It was the 20th Anniversary show and with it came the UFC retrospective show last week on FS1. It was well done and gave some detail of the early years for those of us that picked it up in the Zuffa days. The weekend also included some notable fighters over the years in attendance. The UFC also bought a special advertising section in the Sports Business Journal which told the UFC’s story and gave it some added publicity.
Odds and Ends
-Erik Perez rocked the Lucha Libre mask once again.
-Was this the first time that they dropped the lights during a main event for Bruce Buffer to announce the fighters?
-GSP has been with the company for a while, shouldn’t the UFC have a French interpreter so that Georges doesn’t have to interpret for the entire room during press conferences.
-First time I recall FS1 insets on PPVs. Speaking of FS1, the Prelims did the double screen in between rounds with showing the corner at the top right hand of the screen during a commercial.
-Tyron Woodley made a statement with his KO of Josh Koscheck.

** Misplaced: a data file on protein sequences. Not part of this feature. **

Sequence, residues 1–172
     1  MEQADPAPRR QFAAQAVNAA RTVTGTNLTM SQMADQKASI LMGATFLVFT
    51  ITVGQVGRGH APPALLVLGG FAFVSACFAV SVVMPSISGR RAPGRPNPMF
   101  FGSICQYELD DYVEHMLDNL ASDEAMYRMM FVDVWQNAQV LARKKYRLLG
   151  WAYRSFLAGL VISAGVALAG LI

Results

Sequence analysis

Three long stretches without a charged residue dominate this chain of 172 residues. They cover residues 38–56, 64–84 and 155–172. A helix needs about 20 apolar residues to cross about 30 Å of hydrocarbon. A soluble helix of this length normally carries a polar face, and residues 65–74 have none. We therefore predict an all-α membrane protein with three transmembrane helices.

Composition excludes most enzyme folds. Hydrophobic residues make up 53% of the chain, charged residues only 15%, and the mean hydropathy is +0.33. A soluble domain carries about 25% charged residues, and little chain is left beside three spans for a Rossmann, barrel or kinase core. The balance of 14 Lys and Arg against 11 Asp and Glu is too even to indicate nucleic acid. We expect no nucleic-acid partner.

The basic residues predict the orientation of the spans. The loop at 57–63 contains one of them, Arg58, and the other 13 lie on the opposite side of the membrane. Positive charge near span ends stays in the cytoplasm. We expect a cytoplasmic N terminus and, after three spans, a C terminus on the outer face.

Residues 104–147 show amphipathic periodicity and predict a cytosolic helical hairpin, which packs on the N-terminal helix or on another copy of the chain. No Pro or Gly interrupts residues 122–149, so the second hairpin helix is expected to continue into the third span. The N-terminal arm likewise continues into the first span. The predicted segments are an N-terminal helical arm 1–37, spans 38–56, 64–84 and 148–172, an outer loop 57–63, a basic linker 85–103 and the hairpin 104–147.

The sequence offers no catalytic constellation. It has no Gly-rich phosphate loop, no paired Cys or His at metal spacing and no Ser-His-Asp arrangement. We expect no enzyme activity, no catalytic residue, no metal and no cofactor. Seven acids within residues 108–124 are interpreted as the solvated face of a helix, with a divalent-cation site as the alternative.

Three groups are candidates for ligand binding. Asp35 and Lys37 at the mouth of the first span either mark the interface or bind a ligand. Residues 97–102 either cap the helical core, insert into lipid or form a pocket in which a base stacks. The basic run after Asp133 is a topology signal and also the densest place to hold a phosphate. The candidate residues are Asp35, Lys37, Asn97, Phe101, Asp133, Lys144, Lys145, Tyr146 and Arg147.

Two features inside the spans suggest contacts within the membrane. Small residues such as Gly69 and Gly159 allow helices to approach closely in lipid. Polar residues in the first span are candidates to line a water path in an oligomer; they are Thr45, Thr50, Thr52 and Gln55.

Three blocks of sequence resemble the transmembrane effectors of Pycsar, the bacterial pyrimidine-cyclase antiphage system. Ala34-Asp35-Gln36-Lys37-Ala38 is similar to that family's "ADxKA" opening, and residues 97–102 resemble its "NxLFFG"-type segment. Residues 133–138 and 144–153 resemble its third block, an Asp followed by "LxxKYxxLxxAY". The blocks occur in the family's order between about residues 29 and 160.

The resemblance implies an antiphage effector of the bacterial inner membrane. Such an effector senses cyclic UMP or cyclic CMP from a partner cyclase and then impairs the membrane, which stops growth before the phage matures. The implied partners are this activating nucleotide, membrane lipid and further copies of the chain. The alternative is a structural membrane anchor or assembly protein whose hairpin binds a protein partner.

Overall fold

-Seemingly, Rory MacDonald had the most sponsors ever seen on shorts. If the UFC allowed for spats, he could have made a killing.
-Arnold Schwarzeneger was in the crowd…and to the benefit of Ali Bagautinov who admitted at the post-fight presser that he is a big fan.
-Boxing fans know Edwin Rodriguez? Despite getting docked $200K for missing weight in his fight with Andre Ward on Saturday he would be the second highest paid fighter on the UFC 167 card. This assumes GSP salary plus PPV upside. Rodriguez made $800K after the $200K deduction.
-Forbes ran a piece on GSP and how he makes $12 million a year. We will have more on that this week.